Killing Machine/Hell Bent For Leather (Released 1978/1979)
There are two titles and release dates here, because there are two versions of this album. The UK version was named Killing Machine and made it to shelves by the close of 1978, while the North American version was re-titled Hell Bent For Leather, and saw an early 1979 release. They’re mostly the same album, but Hell Bent For Leather includes Priest’s cover of The Green Manalishi (With the Two-Pronged Crown), a song from Fleetwood Mac’s early blues-rock period.
Regardless of which version of the album you’re examining, its place in the Priest catalog is clear – this is a transitional album, taking the essential, vicious speed of Stained Class and streamlining it and pushing it into more pop-oriented territory, thus foreshadowing the commercial successes to come. The songs here are shorter – very little passes the four minute mark here, whereas on Stained Class, the opposite is true – and as a result, the songs are more efficient. Delivering the Goods, Hell Bent For Leather, and Running Wild deliver quick hits of speed and power, while songs such as Evening Star, Take on the World, and Burnin’ Up sound tailored to garner some radio play (and still bring the thunder while doing so).
Like Sin After Sin before it, Killing Machine/Hell Bent For Leather is drunk on possibility, but now that Priest has figured out what they’re about as a group, the entirety of the album hangs together much better. Both albums are outstanding, but if you are seeking this out, make sure you’re listening to Hell Bent For Leather. The aforementioned cover of Green Manalishi is a complete monster; it became mandatory at the band’s live shows for a reason, and it elevates the album into the stratosphere.
One more thing on this album – unfortunately, this is the final studio album to feature drummer Les Binks, who was stupid awesome at this job, and whose departure has been a source of puzzlement to Priest fans for decades. For years and years, I was given to understand that the rest of the band thought he was stylistically ill-suited to the even more straight-ahead material on British Steel, as the dude loved throwing in busy fills and such. It never made much sense to me personally, and, in researching this very article, I learned that wasn’t true at all! He quit because the band’s manager refused to pay him for his work on Unleashed in the East, the ensuing live album, and as the linked interview with man himself shows, it wasn’t the first time had been dicked around on money, either. Holy fuck! What kind of asshole does that!? I would have quit, too. This was not the last time the band and its management would make terrible business decisions, but its certainly the most amoral example I am aware of. Grade: A for Killing Machine, A++ for Hell Bent For Leather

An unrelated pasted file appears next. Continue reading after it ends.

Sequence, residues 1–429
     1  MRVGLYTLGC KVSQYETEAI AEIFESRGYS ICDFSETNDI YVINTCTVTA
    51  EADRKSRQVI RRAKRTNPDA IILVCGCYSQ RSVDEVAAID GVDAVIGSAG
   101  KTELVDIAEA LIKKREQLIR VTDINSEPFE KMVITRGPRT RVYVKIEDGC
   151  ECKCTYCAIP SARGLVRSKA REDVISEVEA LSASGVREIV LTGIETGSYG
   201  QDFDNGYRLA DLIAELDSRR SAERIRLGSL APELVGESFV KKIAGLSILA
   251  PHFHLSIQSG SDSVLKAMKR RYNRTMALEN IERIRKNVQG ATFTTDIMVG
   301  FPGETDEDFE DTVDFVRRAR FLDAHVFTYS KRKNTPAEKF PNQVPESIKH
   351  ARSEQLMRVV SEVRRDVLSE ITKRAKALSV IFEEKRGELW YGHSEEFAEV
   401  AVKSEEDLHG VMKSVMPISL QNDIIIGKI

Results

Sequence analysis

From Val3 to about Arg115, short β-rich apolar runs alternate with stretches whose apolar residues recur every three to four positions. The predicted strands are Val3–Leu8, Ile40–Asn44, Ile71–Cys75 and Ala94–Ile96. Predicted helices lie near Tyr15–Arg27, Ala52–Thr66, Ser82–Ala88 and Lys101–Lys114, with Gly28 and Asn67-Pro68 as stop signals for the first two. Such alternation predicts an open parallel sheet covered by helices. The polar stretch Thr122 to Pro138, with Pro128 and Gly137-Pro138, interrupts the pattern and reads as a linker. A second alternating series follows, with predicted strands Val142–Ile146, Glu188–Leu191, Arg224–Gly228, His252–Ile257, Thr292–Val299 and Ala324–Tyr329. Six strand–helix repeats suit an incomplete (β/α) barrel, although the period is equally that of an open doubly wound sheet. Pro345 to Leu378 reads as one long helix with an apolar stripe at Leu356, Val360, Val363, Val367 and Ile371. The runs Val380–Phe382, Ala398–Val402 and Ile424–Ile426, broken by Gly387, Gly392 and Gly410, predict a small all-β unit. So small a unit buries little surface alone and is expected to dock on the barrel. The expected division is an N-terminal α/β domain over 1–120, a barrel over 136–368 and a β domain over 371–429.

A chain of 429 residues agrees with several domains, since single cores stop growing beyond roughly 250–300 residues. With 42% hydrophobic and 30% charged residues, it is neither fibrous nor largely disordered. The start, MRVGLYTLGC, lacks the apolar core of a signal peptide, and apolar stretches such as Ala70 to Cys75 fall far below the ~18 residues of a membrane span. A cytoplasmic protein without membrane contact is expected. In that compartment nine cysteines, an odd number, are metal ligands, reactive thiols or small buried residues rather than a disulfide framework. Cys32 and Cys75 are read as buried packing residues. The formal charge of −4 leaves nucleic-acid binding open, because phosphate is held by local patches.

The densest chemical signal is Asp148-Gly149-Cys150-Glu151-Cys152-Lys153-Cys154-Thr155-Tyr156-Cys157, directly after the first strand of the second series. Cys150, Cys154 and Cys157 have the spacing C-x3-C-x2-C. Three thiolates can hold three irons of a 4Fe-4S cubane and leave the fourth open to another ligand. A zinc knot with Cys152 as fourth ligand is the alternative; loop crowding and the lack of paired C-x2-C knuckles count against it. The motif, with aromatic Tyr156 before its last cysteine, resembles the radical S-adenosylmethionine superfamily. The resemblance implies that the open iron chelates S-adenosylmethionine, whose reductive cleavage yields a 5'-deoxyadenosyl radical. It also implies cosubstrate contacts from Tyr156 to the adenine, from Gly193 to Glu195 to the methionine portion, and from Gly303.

British Steel (Released 1980)
Binks’ replacement was a guy named Dave Holland, who would remain in place for the entire decade despite not being good at anything other than rudimentary mid-tempo four-on-the-floor stomping. He would later spend time in prison for sexually assaulting a mentally impaired 17-year old, so he sucked at being a person, too (he died in 2018).
Anywho, British Steel continues the work of distilling down Priest’s sound that began with Killing Machine/Hell Bent For Leather,emphasizing the underlying grooves and hooks at the expense of speed and purely flashing guitar work. Riffs are slowed down and rooted in the work the rhythm section is putting in, and while there are guitar solos aplenty, they are largely melodic, and very few of them feature shredding for its own sake. Even Rob Halford seems to be minimizing his signature metal god screaming and favoring a more normal vocal range. Therefore, British Steel is Priest’s most accessible album, and the album that finally pushed them over the top and into real mainstream popularity, both in their native UK and the US.